The Miura had first appeared in 1966, but it wasn’t until the ’70s that the supercar really gained momentum. Driven by the competitive instincts of the early supercar pioneers, the concept was distilled and refined, given shape and meaning and a sense of geographical place.
Italy made all the early running as Ferrari, Maserati and De Tomaso responded to the Miura. Up until now Enzo Ferrari had refused to develop a mid-engined road car, believing his customers would find it too challenging to drive. His engineers managed to convince him otherwise, but it was not until 1973 that the 365 GT4 BB went on sale, with a longitudinal 344bhp 4.4-litre flat-12 and a claimed top speed of 188mph.
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Rivals used longitudinal V8s – a 310bhp 4.7 for the 1971 Maserati Bora and a 330bhp Ford 5.8 (351 cubic inch) for the 1971 De Tomaso Pantera. The trouble for all these marques was that Lamborghini was one step ahead. While they responded to the Miura, the 1971 Geneva show witnessed the unveiling of perhaps the most influential and charismatic supercar of them all – the Countach.
It mattered not a jot that it took three more years for production versions to be ready, nor that the world was then in the grip of an oil crisis – the Gandini-styled Countach (below) was wild, outlandish and extravagant. The supercar kingdom had its first real champion, the ’70s had its pin-up and boys everywhere learned to say ‘Coon-tash’.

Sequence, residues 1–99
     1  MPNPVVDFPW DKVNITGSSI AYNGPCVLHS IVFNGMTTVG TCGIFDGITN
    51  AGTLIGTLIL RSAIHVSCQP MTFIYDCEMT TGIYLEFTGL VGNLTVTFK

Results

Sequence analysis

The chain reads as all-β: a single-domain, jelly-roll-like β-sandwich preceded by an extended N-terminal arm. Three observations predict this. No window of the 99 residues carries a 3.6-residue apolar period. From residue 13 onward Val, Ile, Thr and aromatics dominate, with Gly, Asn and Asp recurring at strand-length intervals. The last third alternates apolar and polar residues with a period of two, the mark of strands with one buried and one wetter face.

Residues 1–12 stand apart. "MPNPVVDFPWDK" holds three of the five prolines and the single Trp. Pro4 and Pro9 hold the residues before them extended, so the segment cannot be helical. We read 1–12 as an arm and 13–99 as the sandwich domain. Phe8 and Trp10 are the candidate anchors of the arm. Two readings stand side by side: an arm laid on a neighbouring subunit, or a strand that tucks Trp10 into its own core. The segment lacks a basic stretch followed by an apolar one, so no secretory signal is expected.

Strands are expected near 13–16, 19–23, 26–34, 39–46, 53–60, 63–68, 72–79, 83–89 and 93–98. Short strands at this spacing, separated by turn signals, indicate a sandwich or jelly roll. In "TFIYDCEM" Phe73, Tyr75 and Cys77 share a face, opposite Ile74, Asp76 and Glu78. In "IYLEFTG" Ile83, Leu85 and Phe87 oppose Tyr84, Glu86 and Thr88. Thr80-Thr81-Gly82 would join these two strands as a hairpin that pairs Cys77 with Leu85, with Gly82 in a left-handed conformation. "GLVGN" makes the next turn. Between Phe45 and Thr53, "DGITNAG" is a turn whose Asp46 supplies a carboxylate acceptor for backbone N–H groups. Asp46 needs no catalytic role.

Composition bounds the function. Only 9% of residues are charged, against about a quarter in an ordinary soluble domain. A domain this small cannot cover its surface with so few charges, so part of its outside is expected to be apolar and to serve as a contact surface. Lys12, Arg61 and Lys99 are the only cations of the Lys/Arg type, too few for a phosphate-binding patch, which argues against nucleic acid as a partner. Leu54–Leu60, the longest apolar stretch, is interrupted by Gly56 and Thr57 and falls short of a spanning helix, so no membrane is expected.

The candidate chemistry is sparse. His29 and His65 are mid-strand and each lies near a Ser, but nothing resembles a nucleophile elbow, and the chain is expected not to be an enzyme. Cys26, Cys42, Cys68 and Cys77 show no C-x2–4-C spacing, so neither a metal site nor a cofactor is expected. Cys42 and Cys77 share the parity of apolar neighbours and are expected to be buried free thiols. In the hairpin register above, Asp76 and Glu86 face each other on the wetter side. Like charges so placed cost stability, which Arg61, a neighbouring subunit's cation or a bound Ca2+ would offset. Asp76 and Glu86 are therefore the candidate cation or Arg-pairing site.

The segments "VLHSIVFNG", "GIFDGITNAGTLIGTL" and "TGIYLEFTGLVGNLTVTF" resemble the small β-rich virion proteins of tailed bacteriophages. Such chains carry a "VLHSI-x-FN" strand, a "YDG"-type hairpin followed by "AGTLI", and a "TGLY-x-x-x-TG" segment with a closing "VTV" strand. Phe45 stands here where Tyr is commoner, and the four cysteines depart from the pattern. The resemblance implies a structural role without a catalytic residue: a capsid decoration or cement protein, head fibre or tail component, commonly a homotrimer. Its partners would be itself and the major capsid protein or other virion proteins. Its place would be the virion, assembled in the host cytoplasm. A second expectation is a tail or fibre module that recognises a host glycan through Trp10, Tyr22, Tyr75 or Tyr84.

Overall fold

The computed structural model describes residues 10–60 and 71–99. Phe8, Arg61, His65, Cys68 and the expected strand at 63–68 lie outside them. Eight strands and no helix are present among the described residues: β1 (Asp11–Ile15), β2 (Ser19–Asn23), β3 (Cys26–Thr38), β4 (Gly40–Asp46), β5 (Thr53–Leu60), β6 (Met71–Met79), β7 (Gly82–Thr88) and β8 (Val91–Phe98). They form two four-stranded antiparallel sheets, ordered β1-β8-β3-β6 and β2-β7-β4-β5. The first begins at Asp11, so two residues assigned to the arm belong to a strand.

Big claims were made for the LP400, but the 375bhp 4-litre V12 of the early cars was largely carried over from the Miura and performance was of the same order – 0-60mph in 5.6secs and 175mph all-out. The template was there, though: mid-mounted longitudinal engine driving the rear wheels, a feast of cylinders, two-seat cabin and captivating bodywork.
Unless of course, you’re Porsche. On the northern side of the Alps they were building sweet, delicate sports cars, but by 1974 Porsche was keen to prove its worth against the Italians, so it turbocharged the rear-mounted air-cooled 3-litre flat-six. Even back then 256bhp was not a supercar output, but an 1140kg kerbweight gave it the necessary acceleration (0-60mph in 5.5 seconds) and a star was born.
Outside Europe the supercar wasn’t even on the automotive radar. The Japanese car industry was where the Chinese are now – just starting to look beyond its own borders, while America was under the muscle-car spell and the nearest they had to a supercar was the 1971 Corvette C3 Stingray, which did the numbers (454cu in, 425bhp, 0-60mph in 5.3secs) but was blue collar through and through when the Italian template was pure exotic.
British engineering was flying high in 1976 – Concorde started flying commercially and Colin Chapman gave us the first Esprit. With 160bhp. Not really a supercar. Aston Martin tried too, with the 432bhp, 170mph Vantage – but with the engine in the front it lacked the necessary glamour.
So the ’70s: the decade in which Italy nailed the supercar concept and everyone else just gawped...